From: Cyrus A. Ansary
Sent: August 21, 2006
Subject: File No. S7-03-04

August 21, 2006

Ladies and Gentlemen:

This letter is in response to the Commissionís request for additional comments on the requirements that (a) 75% of a mutual fund board be comprised of independent directors, and (b) the chairman of the fund be an independent member of its board.

I am the independent Chairman of the Board of Washington Mutual Investors Fund, which has approximately $75 billion in assets and is a part of the American Funds Group.

The Issue of Costs

Washington Mutual achieved a 75% ratio of independent directors in December 2004 when one of its management directors reached mandatory retirement. For our fund, therefore, compliance with this rule did not entail any new costs, and none is anticipated. (The possibility that in the future and under certain circumstances this rule may require the fund to call a special meeting of shareholders to fill a vacancy on the board is conjectural at this point and cannot be the basis for any cost projections.)

To create the position of an independent chairman at Washington Mutual, the Board elevated the chair of the Governance Committee to that post. This move resulted in a subsequent increase of $15,000 per year in annual fees for the new Chairman. There is no separate staff or office for the independent Chairman, and none is contemplated. No additional legal counsel has been hired by the independent Chairman. There are no other increases in expenses.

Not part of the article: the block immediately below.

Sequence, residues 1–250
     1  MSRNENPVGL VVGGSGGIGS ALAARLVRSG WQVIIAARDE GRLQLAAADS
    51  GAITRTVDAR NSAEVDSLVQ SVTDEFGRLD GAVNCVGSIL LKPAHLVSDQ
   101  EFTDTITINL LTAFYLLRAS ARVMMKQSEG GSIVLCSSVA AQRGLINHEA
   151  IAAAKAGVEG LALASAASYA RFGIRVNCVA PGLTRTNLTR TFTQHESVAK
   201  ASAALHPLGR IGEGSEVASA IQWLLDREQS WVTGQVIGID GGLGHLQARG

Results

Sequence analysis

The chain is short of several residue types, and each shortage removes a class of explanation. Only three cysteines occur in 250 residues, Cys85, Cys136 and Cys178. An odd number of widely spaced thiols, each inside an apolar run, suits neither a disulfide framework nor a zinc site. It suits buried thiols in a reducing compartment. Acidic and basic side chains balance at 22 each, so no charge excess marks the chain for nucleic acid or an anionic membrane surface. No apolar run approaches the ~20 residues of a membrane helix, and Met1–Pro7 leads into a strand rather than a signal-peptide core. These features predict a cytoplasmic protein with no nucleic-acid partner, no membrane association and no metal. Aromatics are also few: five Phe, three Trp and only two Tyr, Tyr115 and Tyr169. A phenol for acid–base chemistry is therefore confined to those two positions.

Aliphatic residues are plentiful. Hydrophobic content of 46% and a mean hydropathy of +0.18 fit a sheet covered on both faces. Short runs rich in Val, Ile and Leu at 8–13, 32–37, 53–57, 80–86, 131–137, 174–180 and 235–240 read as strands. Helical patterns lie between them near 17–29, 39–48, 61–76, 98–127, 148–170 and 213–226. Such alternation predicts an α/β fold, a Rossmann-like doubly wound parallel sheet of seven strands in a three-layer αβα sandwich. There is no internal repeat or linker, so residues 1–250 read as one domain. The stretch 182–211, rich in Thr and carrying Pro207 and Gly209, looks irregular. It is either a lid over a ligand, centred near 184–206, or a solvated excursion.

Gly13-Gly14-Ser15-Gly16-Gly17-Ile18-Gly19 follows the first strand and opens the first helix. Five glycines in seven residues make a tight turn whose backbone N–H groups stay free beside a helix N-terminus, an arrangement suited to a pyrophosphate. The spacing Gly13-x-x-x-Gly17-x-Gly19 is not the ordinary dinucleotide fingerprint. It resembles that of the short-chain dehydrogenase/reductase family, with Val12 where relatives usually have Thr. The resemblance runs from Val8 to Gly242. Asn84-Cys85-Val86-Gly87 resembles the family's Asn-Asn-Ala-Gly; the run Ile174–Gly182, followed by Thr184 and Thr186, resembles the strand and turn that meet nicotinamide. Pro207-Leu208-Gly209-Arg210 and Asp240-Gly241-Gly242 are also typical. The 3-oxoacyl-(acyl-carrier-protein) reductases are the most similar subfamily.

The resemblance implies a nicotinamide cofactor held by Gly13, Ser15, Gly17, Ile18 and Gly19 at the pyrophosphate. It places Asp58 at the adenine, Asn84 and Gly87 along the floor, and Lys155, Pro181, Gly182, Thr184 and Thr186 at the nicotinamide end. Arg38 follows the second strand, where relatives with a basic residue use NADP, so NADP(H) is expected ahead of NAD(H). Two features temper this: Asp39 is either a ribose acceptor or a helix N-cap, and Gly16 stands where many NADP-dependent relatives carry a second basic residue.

Therefore, the total costs associated with the two rules amount to $15,000, or .0000002% as a percentage of the fundís assets.

(Please note that, following the enactment of Sarbanes-Oxley, our fund group incurred substantial additional expenses to comply with the new statutory requirements. Those expenses are separate and wholly unrelated to the issue of compliance with the two rules under consideration here.)

The Issues of Efficiency, Competition & Capital Formation

For a mutual fund, indeed for any public entity, it is vital to have a sound governance structure, of which an independent chairman is a crucial component. Awareness of this fact by the investing public makes such a governance structure a strong marketing element for any mutual fund, while simultaneously promoting a favorable image for, and the competitiveness of, the entire fund industry. Also, by serving as the primary liaison between the management and the independent directors of a mutual fund, the independent chairman can act as a buffer between them, effectively defusing the tensions that inevitably arise, thus enhancing operational efficiency.

In the experience of the undersigned, both of the rules under discussion are workable for a fund, have no organizational downside, would safeguard the interests of the public shareholders of a mutual fund and are of long-term benefit for the fund industry. As such, the rules promote efficiency, competition and capital formation.


Cyrus A. Ansary